The need to balance stats during character creation in Game of Thrones helps us create fully realized characters, not just hero templates.
Like most RPGs nowadays, Game of Thrones begins with a character creation screen where we get to choose a fighting style and skill set and so on. It’s very standard until you start to pick your “traits.” These are permanent modifiers named in such a way that it encourages us to think of our character as more than a collection of stats (“Ambidextrous,” “Honed Reflexes,” “Gifted”), but the best part about these choices is that once we’ve picked three positive traits, we have to pick three negative traits that permanently weaken our character.
This forces the player to approach character creation in a very literal way. In other games, the mechanics of character creation limit us to choosing specific abilities from a group of abilities. This allows us to customize our character’s skill set, but skills aren’t the only thing that define a character. Such creation is very one sided because we’re only choosing what our character is good at. We’re only defining his or her positive aspects, and as a result, the character that exists on the creation screen is utterly boring. Characters in any story only become interesting once we see their flaws. By forcing us to define specific flaws at this early stage, the game forces us to flesh out our character’s personality and back story. Why these specific strengths and these specific weaknesses? The naming helps in this regard: “Hemophiliac,” “Paranoid,” “Collapsed Lung,” and “Inattentive” are all descriptions of personality and bodily characteristics as well as stat modifiers.
Usually this kind of internal character development happens during gameplay, when we’re interacting with people and the world reacts to us. There’s a back and forth to these interactions that allow us to discover our character’s likes and dislikes, make friends and enemies, and develop into a genuine character. There’s no similar kind of back and forth with a character creator. There’s no conflict or scenario that we can use to define personality or morality. So, that internal character development gets pushed back until we’re well into the game itself. Not so in Game of Thrones.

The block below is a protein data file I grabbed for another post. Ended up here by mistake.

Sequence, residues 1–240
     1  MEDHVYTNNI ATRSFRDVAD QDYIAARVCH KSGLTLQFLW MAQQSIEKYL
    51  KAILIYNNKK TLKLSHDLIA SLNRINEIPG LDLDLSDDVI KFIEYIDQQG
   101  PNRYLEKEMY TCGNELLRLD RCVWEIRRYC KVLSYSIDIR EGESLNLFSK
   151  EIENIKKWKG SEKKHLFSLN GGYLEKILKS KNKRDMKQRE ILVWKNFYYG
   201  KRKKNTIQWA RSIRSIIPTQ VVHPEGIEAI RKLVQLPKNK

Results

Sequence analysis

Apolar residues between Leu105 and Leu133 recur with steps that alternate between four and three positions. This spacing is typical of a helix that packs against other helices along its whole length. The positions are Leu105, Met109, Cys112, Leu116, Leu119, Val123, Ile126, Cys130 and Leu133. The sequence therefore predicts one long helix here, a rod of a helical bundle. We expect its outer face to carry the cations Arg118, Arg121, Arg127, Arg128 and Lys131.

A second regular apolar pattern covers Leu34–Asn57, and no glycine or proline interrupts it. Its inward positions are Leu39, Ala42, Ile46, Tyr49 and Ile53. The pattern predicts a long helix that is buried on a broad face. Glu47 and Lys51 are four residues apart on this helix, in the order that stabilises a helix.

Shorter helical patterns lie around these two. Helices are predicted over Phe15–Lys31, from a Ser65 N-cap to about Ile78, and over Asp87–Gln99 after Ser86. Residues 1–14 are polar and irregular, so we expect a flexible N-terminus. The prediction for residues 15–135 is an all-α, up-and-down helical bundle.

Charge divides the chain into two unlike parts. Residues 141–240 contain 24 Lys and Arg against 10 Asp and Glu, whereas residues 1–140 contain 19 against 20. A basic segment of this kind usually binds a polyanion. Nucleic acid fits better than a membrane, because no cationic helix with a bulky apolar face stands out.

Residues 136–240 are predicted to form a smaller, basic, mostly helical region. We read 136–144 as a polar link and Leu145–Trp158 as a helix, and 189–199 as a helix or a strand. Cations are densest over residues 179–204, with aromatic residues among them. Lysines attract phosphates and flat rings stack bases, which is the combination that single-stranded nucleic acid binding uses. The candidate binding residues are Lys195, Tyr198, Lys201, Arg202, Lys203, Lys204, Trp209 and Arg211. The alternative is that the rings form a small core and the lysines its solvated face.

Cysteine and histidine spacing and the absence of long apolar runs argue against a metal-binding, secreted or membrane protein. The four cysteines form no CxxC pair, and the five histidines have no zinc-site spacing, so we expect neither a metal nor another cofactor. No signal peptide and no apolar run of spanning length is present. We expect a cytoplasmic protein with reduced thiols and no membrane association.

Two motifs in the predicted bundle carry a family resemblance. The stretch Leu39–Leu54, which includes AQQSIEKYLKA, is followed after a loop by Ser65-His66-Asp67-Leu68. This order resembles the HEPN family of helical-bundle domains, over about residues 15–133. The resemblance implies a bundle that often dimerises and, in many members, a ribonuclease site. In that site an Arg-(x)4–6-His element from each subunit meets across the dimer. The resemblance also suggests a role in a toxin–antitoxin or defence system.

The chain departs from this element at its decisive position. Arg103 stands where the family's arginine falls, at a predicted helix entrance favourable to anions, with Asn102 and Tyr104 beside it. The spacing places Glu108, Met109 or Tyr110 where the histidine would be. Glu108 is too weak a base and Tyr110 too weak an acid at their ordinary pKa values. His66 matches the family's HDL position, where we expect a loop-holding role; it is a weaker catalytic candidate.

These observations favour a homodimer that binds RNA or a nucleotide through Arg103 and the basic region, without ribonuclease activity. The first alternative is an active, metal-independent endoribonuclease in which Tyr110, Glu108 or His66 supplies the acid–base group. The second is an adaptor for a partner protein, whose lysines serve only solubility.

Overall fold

So Game of Thrones begins with a great twist on how we construct RPG characters, but sadly it doesn’t follow through with this idea as effectively as it could have. Over the course of the game, you’ll encounter situations that define your character to such a degree that a new trait gets added to your list. Track down some men of the Night’s Watch who took bribes to earn “Bloodhound,” which increases the damage of your dog. Defeat a group of traitors to earn “Unimpeachable Morals," which increases your damage resistance, and there are many more. However, while in the beginning I had to choose a balance between positive traits and negative traits (in other words, the core reason why this trait system is so interesting to begin with), these earned traits are only positive. You can’t earn a negative trait, and with that, the game throws off the balance that I worked so hard to create. It’s frustrating because RPGs are always playing with the idea of choice and consequence, and Game of Thrones had the potential to give my actions mechanical consequences as well as narrative consequences. It had the idea -- but only half of the execution.
These traits are an interesting system ultimately undone by poor balance, putting them right in line with the rest of the game, but at least there’s enough of an execution there for us to see this idea in action and to see that it works. Game of Thrones has an actual character creator within it, not just customizable faces and skills.